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Urban Oman Exhibition Panel 3 - Introduction Urban Expansion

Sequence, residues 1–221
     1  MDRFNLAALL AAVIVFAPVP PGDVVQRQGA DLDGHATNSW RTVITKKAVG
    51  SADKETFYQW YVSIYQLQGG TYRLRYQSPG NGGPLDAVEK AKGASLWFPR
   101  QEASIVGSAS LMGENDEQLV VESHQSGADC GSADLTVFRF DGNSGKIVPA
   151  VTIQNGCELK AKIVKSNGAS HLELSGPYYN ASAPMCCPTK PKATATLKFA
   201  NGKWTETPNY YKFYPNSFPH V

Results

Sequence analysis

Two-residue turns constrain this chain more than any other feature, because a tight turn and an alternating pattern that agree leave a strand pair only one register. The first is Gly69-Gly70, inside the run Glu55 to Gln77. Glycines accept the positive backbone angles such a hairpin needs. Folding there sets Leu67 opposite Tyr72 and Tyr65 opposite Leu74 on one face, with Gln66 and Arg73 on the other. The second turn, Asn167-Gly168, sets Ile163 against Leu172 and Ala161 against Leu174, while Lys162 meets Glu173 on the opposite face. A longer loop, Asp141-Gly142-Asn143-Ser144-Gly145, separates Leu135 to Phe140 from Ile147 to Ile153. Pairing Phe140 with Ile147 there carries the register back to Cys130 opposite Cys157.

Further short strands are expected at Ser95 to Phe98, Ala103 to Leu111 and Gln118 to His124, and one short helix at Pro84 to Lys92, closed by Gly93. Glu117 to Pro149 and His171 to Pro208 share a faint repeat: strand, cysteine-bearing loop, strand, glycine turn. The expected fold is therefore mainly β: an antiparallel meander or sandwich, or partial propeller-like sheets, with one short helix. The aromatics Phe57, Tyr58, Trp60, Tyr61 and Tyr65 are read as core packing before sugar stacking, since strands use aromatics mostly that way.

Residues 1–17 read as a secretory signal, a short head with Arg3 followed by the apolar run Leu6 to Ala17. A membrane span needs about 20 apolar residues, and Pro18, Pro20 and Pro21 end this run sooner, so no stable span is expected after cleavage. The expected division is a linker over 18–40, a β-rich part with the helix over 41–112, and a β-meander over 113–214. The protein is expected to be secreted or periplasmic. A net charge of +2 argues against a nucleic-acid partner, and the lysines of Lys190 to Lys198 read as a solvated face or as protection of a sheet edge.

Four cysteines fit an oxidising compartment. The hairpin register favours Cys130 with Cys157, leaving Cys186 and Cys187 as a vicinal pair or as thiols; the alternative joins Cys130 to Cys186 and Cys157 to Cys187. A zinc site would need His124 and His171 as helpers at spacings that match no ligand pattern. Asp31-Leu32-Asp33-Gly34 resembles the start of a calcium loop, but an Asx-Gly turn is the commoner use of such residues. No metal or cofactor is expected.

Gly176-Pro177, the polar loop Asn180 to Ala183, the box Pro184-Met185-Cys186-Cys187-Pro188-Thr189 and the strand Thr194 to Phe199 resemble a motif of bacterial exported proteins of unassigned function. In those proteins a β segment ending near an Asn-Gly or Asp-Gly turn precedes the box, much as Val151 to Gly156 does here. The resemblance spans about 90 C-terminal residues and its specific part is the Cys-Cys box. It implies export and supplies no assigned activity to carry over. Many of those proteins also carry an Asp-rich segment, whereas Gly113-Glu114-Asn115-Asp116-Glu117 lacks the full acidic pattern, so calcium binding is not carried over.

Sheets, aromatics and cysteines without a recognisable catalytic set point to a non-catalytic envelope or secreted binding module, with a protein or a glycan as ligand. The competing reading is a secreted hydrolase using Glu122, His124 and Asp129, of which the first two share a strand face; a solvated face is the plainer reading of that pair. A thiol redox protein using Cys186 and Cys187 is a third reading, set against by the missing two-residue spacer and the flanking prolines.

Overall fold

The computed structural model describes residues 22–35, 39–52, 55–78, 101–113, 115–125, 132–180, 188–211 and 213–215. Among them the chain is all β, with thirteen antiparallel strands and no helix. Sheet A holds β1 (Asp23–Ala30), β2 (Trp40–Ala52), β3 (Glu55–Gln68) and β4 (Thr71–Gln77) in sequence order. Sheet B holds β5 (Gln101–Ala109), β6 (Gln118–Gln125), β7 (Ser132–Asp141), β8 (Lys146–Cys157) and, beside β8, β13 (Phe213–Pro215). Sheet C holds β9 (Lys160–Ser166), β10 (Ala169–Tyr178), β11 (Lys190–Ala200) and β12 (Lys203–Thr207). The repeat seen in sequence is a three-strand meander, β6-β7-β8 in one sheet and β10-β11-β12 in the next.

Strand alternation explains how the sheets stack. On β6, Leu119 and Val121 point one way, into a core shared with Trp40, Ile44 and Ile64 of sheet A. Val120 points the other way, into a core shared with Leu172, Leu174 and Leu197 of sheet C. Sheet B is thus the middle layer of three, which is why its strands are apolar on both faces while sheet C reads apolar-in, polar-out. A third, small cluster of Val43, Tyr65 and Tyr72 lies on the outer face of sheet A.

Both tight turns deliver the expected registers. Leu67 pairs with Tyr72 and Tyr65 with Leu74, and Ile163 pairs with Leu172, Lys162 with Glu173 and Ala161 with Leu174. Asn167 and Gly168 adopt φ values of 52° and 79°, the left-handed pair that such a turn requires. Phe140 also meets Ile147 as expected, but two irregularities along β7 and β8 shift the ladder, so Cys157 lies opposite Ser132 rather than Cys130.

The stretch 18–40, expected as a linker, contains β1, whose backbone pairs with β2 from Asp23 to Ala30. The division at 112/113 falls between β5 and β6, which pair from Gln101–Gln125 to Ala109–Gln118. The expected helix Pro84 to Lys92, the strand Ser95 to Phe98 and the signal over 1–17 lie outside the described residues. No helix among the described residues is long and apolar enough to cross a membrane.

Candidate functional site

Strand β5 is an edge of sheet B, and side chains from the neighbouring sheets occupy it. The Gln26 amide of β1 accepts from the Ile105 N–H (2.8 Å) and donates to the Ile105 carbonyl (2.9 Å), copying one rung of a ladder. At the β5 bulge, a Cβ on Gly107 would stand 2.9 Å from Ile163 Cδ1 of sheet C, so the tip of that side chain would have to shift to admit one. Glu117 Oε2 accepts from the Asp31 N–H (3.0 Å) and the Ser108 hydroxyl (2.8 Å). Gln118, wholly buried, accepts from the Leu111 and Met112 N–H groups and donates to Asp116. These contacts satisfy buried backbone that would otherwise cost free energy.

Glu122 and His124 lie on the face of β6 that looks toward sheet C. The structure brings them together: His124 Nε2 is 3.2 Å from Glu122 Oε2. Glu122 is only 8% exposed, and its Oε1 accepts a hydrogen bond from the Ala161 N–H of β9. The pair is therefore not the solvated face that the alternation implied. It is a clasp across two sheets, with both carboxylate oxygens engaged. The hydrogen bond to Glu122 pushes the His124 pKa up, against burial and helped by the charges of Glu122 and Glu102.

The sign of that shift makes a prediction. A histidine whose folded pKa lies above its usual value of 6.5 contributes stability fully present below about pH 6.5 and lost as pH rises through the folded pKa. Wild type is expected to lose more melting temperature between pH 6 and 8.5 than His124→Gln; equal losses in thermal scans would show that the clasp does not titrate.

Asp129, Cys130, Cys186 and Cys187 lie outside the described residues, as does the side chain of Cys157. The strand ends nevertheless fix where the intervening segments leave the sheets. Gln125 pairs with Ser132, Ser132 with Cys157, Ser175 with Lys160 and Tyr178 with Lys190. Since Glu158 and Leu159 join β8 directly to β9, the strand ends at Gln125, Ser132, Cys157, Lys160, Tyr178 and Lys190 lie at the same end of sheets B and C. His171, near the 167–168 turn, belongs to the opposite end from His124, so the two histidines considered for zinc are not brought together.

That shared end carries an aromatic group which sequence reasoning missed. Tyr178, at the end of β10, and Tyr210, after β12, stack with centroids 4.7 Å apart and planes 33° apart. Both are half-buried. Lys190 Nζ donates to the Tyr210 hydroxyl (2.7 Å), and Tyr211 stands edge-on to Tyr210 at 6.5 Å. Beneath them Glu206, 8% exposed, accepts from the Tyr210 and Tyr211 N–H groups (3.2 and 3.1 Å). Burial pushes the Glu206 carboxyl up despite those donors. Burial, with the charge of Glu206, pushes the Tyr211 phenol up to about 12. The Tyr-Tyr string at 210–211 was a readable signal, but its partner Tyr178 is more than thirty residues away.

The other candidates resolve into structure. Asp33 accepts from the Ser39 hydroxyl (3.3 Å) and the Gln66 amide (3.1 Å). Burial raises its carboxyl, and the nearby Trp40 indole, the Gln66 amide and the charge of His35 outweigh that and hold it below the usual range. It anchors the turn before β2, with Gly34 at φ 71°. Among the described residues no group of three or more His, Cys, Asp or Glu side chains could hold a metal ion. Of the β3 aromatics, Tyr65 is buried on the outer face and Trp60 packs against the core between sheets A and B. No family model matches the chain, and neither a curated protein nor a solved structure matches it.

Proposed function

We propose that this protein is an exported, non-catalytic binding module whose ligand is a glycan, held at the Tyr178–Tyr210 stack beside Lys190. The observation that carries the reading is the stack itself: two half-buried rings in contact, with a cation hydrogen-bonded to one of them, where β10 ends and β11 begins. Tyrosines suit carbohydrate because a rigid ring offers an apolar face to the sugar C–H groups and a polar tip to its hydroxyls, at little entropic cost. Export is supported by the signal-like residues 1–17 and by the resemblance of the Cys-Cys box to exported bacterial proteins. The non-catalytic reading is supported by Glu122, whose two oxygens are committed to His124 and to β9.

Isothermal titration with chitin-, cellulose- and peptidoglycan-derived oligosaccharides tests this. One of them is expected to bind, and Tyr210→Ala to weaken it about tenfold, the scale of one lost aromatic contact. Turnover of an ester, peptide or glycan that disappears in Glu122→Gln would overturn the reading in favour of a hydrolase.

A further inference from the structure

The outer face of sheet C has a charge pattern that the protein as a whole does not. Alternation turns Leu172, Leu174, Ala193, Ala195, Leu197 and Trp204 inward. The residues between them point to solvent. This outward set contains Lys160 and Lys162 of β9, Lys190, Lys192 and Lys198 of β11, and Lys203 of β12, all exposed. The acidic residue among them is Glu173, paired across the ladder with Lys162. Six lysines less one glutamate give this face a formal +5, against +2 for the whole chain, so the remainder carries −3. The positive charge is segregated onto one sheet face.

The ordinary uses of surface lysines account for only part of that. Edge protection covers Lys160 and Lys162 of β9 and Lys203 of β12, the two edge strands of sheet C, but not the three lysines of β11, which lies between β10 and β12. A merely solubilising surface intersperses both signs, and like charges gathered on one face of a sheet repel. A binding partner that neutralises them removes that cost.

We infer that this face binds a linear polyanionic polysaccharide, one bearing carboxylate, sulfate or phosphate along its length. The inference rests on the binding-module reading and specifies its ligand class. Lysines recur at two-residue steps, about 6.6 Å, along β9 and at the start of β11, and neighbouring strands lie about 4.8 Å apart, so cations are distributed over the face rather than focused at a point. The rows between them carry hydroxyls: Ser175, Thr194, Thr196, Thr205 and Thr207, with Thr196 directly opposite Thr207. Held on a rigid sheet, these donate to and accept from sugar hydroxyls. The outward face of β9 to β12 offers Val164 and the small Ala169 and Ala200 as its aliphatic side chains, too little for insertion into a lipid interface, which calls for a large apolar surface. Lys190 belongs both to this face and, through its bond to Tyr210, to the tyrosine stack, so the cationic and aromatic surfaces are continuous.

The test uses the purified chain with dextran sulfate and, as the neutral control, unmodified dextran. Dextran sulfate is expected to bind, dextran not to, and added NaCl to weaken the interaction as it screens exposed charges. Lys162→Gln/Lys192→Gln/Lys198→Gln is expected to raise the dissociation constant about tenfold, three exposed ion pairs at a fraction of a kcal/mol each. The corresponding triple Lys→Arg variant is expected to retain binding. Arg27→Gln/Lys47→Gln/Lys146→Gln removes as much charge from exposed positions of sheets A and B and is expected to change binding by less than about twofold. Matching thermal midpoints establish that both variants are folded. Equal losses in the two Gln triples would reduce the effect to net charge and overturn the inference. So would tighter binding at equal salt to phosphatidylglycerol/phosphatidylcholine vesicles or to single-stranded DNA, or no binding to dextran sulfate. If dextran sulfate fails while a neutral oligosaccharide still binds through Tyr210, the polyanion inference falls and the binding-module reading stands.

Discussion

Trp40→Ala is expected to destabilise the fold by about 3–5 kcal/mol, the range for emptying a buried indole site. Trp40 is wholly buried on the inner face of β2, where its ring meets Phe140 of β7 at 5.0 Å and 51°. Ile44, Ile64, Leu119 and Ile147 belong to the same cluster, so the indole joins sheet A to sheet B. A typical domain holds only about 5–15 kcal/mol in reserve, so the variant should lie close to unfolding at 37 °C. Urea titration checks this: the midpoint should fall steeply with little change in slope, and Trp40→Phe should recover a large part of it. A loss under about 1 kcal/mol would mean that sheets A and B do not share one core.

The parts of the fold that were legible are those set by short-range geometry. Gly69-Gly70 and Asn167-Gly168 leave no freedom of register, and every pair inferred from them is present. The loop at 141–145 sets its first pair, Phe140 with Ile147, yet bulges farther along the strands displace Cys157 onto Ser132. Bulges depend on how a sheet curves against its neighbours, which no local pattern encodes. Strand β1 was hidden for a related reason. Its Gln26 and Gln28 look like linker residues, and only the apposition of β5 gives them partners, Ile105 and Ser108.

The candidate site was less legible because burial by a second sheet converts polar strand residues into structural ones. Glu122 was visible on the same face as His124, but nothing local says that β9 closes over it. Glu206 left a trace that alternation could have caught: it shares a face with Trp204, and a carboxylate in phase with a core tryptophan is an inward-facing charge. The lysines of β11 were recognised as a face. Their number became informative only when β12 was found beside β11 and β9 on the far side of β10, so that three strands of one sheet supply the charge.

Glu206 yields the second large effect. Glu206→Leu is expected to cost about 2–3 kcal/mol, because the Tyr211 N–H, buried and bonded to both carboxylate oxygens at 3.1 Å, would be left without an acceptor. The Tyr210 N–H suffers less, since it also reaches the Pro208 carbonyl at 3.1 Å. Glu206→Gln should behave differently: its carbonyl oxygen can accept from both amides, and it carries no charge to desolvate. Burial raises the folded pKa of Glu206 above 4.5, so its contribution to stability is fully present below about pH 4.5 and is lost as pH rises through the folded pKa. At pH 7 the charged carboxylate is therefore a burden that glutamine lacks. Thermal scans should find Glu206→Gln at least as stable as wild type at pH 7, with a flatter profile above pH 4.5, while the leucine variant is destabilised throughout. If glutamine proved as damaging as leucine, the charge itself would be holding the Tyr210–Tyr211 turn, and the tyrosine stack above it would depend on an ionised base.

Urban Expansion Urbanization in Oman is an ongoing process that accelerated since 1970. Urbanization has two faces: rapidly growing and expanding urban areas on one side and rural areas, steadily transforming and creating a new rural-urban interface on the other. Urban expansion Based on the 1990 strategy developed by Weidleplan and implemented by the Ministry of Housing since areas located to the West of Muscat are be given priority in development. The aim of this strategy is to locate future citizens around Seeb in order to create a second center in an attempt to decentralize Muscat area. Massive zones have been allocated for residential land use such as Mabailah, Mawaleh and Al Khoudh. Another center under development is Al Amrat across the mountains South of Muscat. Neighboring willayats of Bidbid (case-study rural-to-urban expansion: Fanja) or Barka gradually accommodate Muscat’s urban sprawl. High costs of land development The transformation of former gravel desert into construction land required massive infrastructure measures foremost the construction of the storm water retention dams as seen in Al Khoudh, leveling of terrain as seen along the slopes of the Hajar mountains in the South and new highway linkages such as the expansion of Sultan Qabous highway and the Southern Expressway. Since the provision of physical infrastructure was a tremendous effort and is still incomplete development of houses started slowly. Better connected parts of these new residential areas develop faster than others. In some cases the infrastructure has been designed to meet the anticipated demand and is out of scale for the time being. In other parts the infrastructure is already collapsing. The implementation of the strategy of decentralization becomes more difficult in in rural areas as the costs for land development and infrastructure provision rises, while the areas become less attractive for residents due to the larger distance to the centers. In short, the strategy has already reached its limits before it has been fully implemented. Non-congruent development of infrastructure and residential areas Discrepancies in development become evident in the case-study Al Khoudh. The zone between Seeb in the North and the old village of Al Khoudh in the South was divided into 6 phases. The last phase is the subject of the the following case-study. Each phase was planned and implemented independently forming insular pockets of residential land. Each phase is connected to the larger highway system by a series of primary and secondary roads. The size and number of roads anticipate the final plan, while construction on the residential part is still under way. The final plan once implemented shows little functional mix and has no strategy for further densification to accommodate the rising population. According to this logic urbanization can only be achieved through further expansion. Land consumption and land speculation Governmental provision of infrastructure and land development is seen as the prerequisite for private sector construction. The private sector is not accountable for the costs of infrastructure and land development. On the contrary, the land allocation system by lottery redistributes land amongst Omani citizens regardless of the actual need, opening up a vast land speculation. Large governmental resources are bound by this development process that is neither economically, nor socially or ecologically sustainable. Land is consumed faster than necessary.